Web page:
Gallery Talks: The Malian artist brings her black & white works to Nataal: New African Photography III at Red Hook Labs
Malian artist Fatoumata Diabaté follows in the footsteps of her country’s revered canon of twentieth-century photographers, with her black-and-white portraiture and itinerant studio project, Studio Photo de al Rue. Born in Bamako, Diabaté trained at Centre de Formation Audiovisuel Promo-Femmes and her work was first recognised at Rencontres de Bamako 2005, where she won the Afrique en Créations prize. Since then her clients have included Rolex, Oxfam and World Press Photo, and she has exhibited at Addis Photo Fest, Biennale Internationale de l’Art Contemporain de Casablanca, and Les Rencontres d'Arles. At Labs Diabaté presents two projects, L'homme en Animal and L'homme en Objet.
How did you become interested in photography?
Photography came into my life when I decided to end my high-school studies in 2001 because of daily strikes, which weren’t helping me move forward. I had another ambition, namely to become self sufficient so that I could support my mother. I told everyone I met I needed a job. They asked me what kind of job I needed and I would say it didn’t matter because, as the Malian saying goes, “Bara lan golo tee maa lan golo de be” (“There’s no stupid job for me but there are stupid people”). Then I heard of a school educating women in photography, which at that time was a man’s vocation, so I enrolled. I found my voice as a photographer quite easily as I was very determined and passionate from the beginning.
What is the concept behind Studio Photo de al Rue?
My parents were both immortalised in a portrait by Seydou Keïta, who was our neighbour when I was growing up. So I created this travelling street installation to pay tribute to the great masters of African studio photography (Seydou Keïta, Malick Sidibé, Samuel Fosso, Oumar Ly), whose work I have always admired, and to keep this tradition alive. It's also about reviving the technique to give different audiences the opportunity to have the shoot experience and the joy of being left with a beautiful memory for life. That is why I take Studio Photo de al Rue to different events around the world.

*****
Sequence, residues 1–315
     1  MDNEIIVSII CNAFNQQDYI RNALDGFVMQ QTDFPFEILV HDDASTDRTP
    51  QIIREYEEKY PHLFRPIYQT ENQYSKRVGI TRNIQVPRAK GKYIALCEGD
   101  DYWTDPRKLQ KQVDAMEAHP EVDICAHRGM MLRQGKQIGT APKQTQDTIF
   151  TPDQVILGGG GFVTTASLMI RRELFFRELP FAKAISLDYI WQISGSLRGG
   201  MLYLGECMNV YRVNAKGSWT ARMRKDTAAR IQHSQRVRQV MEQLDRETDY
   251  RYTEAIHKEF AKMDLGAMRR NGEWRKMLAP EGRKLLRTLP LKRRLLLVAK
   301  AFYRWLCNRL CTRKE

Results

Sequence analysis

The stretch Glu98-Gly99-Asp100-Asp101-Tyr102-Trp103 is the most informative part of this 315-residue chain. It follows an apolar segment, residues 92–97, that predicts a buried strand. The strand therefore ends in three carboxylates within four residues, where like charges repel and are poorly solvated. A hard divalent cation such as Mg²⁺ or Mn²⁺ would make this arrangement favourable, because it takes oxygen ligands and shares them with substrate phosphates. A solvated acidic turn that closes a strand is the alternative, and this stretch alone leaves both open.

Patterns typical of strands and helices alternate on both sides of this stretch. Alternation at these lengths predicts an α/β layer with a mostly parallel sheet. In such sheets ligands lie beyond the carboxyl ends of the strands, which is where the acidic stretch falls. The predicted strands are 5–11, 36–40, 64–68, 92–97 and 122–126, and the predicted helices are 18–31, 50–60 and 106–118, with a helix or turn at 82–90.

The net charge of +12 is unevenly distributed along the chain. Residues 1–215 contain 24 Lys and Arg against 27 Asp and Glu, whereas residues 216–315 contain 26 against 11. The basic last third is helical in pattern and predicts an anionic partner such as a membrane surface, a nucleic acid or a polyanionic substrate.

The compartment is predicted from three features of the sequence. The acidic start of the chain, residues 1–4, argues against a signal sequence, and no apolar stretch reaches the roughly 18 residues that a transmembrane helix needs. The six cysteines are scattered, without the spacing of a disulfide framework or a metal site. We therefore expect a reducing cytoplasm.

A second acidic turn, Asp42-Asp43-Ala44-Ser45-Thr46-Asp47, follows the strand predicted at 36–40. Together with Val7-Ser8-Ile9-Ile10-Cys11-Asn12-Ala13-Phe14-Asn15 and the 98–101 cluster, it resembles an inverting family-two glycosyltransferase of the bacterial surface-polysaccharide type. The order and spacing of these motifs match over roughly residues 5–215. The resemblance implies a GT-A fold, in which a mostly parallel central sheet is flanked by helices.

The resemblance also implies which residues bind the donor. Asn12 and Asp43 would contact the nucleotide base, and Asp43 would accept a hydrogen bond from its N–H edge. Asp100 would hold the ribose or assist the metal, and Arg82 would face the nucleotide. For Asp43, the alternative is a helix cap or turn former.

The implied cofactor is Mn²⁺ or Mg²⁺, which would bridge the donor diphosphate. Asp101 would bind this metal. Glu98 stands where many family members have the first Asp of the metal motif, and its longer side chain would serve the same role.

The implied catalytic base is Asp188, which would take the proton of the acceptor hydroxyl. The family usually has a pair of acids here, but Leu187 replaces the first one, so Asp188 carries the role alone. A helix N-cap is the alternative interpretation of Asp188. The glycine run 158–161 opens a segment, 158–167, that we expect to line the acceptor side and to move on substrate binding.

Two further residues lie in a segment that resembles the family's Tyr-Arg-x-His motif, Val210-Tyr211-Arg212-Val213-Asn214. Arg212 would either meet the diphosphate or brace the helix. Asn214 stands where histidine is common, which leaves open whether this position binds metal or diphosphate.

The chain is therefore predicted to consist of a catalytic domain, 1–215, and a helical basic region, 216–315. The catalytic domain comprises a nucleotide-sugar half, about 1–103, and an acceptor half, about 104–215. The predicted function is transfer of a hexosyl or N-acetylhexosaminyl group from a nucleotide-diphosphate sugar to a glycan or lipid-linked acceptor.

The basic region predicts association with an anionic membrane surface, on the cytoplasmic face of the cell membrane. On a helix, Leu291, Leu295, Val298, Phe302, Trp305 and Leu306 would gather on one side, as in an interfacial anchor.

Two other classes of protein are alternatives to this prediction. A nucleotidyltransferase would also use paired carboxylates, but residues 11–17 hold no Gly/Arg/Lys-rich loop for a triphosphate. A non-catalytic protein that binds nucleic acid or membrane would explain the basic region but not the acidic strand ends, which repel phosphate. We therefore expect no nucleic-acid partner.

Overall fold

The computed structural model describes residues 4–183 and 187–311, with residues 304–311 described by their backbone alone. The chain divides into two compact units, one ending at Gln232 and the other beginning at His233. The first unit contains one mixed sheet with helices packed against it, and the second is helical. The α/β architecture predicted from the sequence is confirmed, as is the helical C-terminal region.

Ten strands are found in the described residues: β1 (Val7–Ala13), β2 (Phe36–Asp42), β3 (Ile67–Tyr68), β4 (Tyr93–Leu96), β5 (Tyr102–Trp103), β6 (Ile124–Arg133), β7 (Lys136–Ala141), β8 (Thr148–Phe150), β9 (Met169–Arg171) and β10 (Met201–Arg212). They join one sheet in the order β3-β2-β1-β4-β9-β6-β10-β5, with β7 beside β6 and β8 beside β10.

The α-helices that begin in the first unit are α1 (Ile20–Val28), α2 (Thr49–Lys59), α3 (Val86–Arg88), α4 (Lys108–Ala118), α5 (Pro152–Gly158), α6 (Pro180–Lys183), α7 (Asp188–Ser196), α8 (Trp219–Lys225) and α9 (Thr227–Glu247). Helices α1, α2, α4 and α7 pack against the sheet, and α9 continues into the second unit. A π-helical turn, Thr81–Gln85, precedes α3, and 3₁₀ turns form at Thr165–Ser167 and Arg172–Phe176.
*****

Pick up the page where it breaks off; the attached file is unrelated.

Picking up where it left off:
What inspired L'homme en Animal and L'homme en Objet?
These works relate to Mali’s oral culture, which it has had since ancient times. Telling tales is part of our tradition. When I was growing up, each evening we would meet around a wood fire and its flames were so poetic – thanks to the moral lessons we learned at the end of each tale. These stories have followed me throughout my life. The use of handmade mask objects and costumes in her work relates to the sacred dimensions of African masks and how, in most of these tales, humans, animals and objects are interconnected and possess invisible powers.
Nataal: New African Photography III runs from 4 to 13 May at Red Hook Labs, 133 Imlay St, Brooklyn, NY, open 10am-6pm daily
All works are available from Red Hook Labs and Artsy and sales support the artists in their work.
Visit Red Hook Labs
Published on 02/04/2018